What We Learned From The NFL's Week 3

SEATTLE, WA - SEPTEMBER 21:  Quarterback Russell Wilson #3 of the Seattle Seahawks scrambles against the Denver Broncos at Ce
SEATTLE, WA - SEPTEMBER 21: Quarterback Russell Wilson #3 of the Seattle Seahawks scrambles against the Denver Broncos at CenturyLink Field on September 21, 2014 in Seattle, Washington. (Photo by Jeff Gross/Getty Images)

We're now in week 3 of the NFL season, and who would have thought that Arizona -- with Drew Stanton making two starts -- would be undefeated, or that New Orleans and Green Bay would both be 1-2?

Denver and Seattle (both now 2-1) provided the type of theater that many anticipated during the Super Bowl, giving the NFL precisely what it needed after a catastrophic couple of weeks. But there was plenty more to like during week 3 -- namely, the possible emergence of a new star at quarterback and the continual decline of an old one. Let's take a look at what we learned.

Kirk Cousins Can Ball

No surprises here: Every time Cousins has been thrown into action, good things happen. As I advised during my NBC Sports Radio show Sunday morning, he is a fantasy must-start, throws an excellent deep ball (see: DeSean Jackson) and has real command of what he wants to do with the football. The Philly defense isn't elite by any means, but it shut down Andrew Luck for a half. Cousins threw for 427 yards to go along with three scores and one interception, and was efficient and confident in the pocket. With RG3 out for an extended period of time, Cousins will have a real opportunity for the first time in his career.

The End Of Tom Terrific?

New England fans (and Tom Brady fantasy owners) were hoping that Brady's early struggles this season were a mirage. But after tossing for 234 yards for one touchdown against Oakland at home, it is officially panic mode. "It’s not going to be easy for us," Brady said following the Patriots' 16-9 win. "I don’t think any team plays us and we get -- you know, we get their best." The truth is that the Pats have neither a deep threat nor their top-tier offensive line of old. Logan Mankins' trade is evident, particularly during plays that take longer to develop, when Brady is not afforded the time he needs. In three games, Brady is completing just 58.8 percent of his passes while averaging 5.54 yards per attempt -- both of which would be career lows.

Still Super

The Seahawks don't lose at home, and yet, with a 4 percent chance to win the game heading into his team's game-tying drive, Peyton Manning almost pulled off the impossible. Manning, who was pressured for much of the game, was magnificent when it mattered most, as was Russell Wilson. The 25-year-old Wilson, despite throwing fewer than any other quarterback in the league this year, continues to be one of the most efficient passers in football, and leads the NFL in comeback/game-winning drives since he was drafted. There was a lot to absorb from this game -- a 26-20 Seattle win in overtime, a revamped Broncos defense with nine new starters, the ongoing struggles of feature running back Montee Ball and the dominance of Seahawks running back Marshawn Lynch, who thrashed a quality front for 138 total yards, including the game-winning score.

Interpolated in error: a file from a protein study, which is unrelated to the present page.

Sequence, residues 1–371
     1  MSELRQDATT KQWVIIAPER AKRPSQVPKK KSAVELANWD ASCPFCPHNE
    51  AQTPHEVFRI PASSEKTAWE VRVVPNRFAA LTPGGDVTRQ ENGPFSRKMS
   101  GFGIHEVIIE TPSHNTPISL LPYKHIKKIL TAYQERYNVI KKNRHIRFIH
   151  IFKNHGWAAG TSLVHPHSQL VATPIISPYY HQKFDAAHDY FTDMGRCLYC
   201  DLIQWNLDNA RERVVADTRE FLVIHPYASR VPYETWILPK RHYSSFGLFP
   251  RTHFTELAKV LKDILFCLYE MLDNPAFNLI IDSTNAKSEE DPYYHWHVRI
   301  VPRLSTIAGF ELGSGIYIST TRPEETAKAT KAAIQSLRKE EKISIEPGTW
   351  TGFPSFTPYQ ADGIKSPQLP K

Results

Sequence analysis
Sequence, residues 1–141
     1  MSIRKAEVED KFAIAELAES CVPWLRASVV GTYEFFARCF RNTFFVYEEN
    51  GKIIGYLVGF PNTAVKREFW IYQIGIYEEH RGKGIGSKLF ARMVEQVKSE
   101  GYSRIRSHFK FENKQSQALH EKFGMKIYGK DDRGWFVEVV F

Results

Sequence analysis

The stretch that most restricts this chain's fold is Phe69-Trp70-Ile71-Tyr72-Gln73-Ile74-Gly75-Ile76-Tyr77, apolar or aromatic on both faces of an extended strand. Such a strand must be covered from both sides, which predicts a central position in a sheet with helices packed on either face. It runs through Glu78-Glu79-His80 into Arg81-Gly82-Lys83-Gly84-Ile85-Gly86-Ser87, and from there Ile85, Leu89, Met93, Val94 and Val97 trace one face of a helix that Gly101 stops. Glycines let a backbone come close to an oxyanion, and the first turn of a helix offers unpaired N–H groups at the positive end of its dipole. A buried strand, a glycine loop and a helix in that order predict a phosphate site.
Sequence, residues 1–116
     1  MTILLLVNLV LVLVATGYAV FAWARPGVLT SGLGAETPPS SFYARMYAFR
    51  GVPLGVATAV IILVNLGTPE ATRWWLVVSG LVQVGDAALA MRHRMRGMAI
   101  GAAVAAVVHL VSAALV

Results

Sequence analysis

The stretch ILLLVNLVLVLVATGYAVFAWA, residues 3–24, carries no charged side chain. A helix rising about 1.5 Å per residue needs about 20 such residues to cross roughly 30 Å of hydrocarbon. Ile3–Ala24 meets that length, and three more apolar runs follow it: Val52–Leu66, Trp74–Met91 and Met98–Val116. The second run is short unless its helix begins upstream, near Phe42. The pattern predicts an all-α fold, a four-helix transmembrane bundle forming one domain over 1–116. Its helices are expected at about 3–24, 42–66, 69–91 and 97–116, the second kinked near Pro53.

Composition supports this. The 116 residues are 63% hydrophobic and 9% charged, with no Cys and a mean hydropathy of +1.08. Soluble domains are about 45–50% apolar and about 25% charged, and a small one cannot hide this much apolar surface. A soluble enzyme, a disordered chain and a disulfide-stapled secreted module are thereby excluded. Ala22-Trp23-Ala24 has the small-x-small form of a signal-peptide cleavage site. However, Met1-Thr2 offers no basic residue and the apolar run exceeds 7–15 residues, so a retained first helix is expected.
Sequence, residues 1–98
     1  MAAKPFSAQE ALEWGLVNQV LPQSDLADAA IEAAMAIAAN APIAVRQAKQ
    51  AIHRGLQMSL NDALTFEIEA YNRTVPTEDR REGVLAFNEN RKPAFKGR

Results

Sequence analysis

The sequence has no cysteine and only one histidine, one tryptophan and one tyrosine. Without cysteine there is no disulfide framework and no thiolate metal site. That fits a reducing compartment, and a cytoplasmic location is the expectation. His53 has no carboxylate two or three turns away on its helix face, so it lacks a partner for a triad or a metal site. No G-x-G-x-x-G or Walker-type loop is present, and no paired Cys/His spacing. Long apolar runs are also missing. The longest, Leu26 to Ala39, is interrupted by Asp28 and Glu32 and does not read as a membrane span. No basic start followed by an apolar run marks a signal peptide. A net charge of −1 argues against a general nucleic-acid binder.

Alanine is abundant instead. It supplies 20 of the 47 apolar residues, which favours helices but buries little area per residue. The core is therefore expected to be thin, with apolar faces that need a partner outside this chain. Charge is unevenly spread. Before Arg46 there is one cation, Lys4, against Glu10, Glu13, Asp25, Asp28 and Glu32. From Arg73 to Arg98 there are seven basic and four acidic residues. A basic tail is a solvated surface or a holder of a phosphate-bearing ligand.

Still Undefeated

Cincinnati should not be flying under anybody's radar. At 3-0, the Bengals boast a plus-47 point differential -- the best in the league -- despite featuring two new coordinators. (Remember that Mike Zimmer and Jay Gruden are both gone.) Of course it is very early, but we should also praise quarterback Andy Dalton, who recently signed his mega-deal under stark criticism and has completed 65.5 percent of his passes. While he has just the two touchdown passes and the one pick, he's finally throwing the ball down the field. Incredibly, the Bengals have trailed for a mere 51 seconds the entire season.

They've Got Next?

It took a 0-2 start and a 30-0 halftime deficit for Jacksonville head coach Gus Bradley to finally give the keys to Blake Bortles. Bortles made his fair share of mistakes, but he also tossed a couple touchdown passes and kept a slew of plays alive that he had no business doing. It is that athleticism and escape ability that made Bortles the first quarterback to come off the board.

Sunday also marked the debut of Teddy Bridgewater, who entered the game for Matt Cassel after Cassel fractured his foot. Bridgewater is nowhere near the physical presence of Bortles, but he had a tremendous amount of success running a pro-style offense under Charlie Strong at Louisville. During a close game and in a tough environment against New Orleans, Bridgewater made a couple nice throws and scrambled a bit, but also showed the same deer-in-the-headlights look from his dreadful pro day before the draft.

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